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Stuart Dalgleish 15th Jan 2010 - 15:47

Team Sky aiming for a flying start

Team Sky have put together an impressive array of talent and will be the team that everyone's focusing on as the Tour Down Under kicks off the 2010 season.

The TDU is a race that historically has been good for sprinters, and one of Team Sky's best sprinters is Greg Henderson (12/1) who finds himself up there with the favourites for the event.

The New Zealander had a decent 2009 season where he claimed a stage at the Vuelta a Espana, the Vuelta a Murcia and the Volta a Catalunya, he also won the one day event in Almeria - the Clasica de Almeria.

Under Dave Brailsford's management can he get off to the best possible start in 2010 and claim the TDU?

He'll almost certainly have to get past Allan Davis (10/3) you would've thought, who is the defending champion and also finished top of the Points Classification having claimed three stages on the way.

The Aussie will also be riding for a new team, signing on with Astana having performed so well under Quick Step for two years.

Another quite formidable opponent will come in the shape of Andre Greipel, who had an absolutely sensational year in 2009, the highlight winning the green jersey for Points Classification in the Vuelta a Espana; he also had three other race wins as well as 17 stage wins in various events throughout the year. The German is the even money favourite for the TDU.

Other challengers will come from the likes of Jose Joaquin Rojas (11/1) who's finished 3rd for the last two years as well as winning the Youth Classification, Christopher Sutton (20/1), who's also moved team for the new season, joining the Team Sky revolution - the 25 year old won the Bay Classic Series earlier on this month and is a good sprinter.

The controversial Gert Steegmans (33/1) will be debuting for a new team after having his contract terminated with Team Katusha following the anti-doping scandal, the Belgian refused to sign an agreement before the Tour de France that Katusha wanted their members to pay a fine of five times their annual salary should they get tested positive for a doping substance.

It led to him getting dropped from their squad for the Tour and later on in the year he signed for Team RadioShack, which Lance Armstrong is also racing for, but Armstrong isn't fancied to challenge for the main jersey and as such is available at a massive 200/1 to win the TDU.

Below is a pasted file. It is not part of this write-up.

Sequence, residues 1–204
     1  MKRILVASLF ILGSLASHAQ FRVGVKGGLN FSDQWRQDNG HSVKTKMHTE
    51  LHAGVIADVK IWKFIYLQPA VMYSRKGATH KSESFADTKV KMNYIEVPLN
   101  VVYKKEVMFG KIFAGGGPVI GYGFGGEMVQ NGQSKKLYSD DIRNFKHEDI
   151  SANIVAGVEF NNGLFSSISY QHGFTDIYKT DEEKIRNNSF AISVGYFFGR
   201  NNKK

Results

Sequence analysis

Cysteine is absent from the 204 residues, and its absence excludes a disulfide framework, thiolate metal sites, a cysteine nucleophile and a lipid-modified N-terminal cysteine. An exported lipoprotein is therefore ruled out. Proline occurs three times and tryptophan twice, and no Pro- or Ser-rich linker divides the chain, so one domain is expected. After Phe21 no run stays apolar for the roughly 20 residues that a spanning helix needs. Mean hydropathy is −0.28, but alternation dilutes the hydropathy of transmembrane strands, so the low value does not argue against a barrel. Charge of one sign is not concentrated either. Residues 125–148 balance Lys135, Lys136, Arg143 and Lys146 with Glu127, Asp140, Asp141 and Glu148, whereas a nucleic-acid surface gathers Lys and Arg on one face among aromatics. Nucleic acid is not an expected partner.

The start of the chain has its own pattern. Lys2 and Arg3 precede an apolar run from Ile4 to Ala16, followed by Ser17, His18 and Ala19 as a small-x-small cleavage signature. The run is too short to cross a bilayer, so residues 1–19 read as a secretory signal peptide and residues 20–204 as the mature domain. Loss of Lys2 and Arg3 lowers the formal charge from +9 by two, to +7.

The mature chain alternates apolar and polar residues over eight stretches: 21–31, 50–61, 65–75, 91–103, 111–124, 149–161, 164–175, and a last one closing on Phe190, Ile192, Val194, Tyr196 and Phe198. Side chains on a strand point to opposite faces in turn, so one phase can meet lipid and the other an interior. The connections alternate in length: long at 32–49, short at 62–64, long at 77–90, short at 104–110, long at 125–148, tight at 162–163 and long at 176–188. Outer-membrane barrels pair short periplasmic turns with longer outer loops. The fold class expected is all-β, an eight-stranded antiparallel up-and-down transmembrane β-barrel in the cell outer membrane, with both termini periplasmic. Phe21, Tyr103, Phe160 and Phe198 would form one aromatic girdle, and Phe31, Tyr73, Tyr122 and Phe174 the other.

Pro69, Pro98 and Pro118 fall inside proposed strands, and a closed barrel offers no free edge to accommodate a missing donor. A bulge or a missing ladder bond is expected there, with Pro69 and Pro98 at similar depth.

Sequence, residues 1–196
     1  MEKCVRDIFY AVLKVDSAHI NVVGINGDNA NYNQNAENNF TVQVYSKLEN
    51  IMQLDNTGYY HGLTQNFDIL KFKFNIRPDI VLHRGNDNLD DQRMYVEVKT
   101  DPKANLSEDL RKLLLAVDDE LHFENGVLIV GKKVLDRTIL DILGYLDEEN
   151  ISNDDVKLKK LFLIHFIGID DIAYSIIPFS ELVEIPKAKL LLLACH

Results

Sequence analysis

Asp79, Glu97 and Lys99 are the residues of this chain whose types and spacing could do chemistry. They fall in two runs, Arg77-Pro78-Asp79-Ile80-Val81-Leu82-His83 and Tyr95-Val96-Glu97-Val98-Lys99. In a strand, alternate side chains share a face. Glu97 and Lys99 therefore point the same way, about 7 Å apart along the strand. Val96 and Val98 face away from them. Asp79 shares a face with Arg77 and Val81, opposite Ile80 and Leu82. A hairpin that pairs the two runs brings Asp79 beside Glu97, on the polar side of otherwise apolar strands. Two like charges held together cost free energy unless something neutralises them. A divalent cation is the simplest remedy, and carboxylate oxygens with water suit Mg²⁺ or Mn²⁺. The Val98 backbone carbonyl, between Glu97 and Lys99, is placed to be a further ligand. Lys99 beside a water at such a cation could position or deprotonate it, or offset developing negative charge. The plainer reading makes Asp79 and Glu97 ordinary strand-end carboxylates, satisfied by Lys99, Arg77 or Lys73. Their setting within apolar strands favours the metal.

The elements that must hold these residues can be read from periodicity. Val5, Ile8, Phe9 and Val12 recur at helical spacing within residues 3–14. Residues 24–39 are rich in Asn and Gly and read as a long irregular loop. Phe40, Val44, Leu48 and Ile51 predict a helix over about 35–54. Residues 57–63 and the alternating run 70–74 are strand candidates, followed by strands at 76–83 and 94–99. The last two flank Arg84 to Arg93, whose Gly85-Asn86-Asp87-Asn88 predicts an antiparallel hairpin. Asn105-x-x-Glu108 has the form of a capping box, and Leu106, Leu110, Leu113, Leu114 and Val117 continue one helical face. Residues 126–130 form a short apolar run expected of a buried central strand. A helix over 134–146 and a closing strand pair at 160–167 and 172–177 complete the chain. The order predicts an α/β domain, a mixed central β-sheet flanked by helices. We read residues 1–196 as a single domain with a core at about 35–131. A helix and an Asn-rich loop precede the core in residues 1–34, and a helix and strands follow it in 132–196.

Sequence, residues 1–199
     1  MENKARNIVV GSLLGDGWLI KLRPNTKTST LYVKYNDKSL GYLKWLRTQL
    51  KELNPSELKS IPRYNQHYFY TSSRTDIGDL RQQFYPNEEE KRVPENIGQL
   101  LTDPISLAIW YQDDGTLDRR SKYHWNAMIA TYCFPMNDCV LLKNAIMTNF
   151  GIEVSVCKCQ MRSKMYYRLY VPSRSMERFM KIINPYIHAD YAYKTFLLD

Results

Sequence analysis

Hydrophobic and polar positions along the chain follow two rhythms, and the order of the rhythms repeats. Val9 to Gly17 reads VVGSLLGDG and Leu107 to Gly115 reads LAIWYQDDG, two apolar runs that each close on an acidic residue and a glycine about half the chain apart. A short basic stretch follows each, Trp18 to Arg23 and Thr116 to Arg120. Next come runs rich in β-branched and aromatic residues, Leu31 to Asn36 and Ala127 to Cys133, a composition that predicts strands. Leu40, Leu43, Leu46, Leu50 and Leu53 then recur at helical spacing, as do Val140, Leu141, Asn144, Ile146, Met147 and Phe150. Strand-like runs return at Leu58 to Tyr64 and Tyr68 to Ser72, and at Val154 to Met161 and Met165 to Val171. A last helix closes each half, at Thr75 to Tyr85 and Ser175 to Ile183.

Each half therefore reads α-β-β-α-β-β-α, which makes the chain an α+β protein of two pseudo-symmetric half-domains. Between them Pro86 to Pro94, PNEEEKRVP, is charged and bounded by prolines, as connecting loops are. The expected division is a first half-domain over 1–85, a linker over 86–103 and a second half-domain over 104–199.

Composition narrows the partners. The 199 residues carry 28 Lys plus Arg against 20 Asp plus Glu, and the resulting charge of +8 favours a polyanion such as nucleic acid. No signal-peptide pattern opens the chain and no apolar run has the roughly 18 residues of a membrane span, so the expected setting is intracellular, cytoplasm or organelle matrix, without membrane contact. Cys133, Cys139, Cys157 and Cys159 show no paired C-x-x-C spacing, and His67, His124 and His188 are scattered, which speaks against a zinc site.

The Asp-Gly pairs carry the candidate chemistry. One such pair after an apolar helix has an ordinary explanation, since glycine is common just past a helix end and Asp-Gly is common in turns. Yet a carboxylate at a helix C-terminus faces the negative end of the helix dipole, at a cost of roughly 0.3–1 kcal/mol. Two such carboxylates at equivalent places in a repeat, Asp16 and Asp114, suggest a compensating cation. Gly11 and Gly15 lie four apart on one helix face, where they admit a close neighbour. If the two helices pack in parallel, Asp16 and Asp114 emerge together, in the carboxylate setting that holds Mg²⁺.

Armstrong isn't alone in being a big name at the wrong end of the betting, as also at huge odds are Cadel Evans and Vuelta a Espana winner Alejandro Valverde - both available at a whopping 200/1.

This first stage gets underway on 19 January and sees the rider's travel 141km from Clare to Tanunda, with a climb 114km in where points are awarded, the final stretch is all flat for 25km.

Stage two sees the cyclists go from Gawler to Hahndorf, riding 133km; the stage is mainly flat but has a climb at the start for the first 30km.

The third stage (from Unley to Stirling) is pretty much the same distance as the previous day, but it's the hardest climb of the Tour at this point, it comes at around 40km into the ride at Wickhams Hill Road, after that the course undulates gradually after remaining at the elevation level reached following the climb.

In the fourth stage the riders travel the longest distance of the tour, going 149.5km from Norwood to Goolwa, and they have to again over come a difficult climb, up Fox Creek Road after 25km, a long descent from the climb leads the riders to the final stretch which is flat for 70km.

Stage five is the most difficult stage of the tour, ending in a two-lap circuit in Wilunga, which has two visits to the Old Willunga Hill Road - the most tasking climb of the race.

The final stage is on a closed road circuit of 4.5km, the racers embark on a criterium around the Adelaide City Council.



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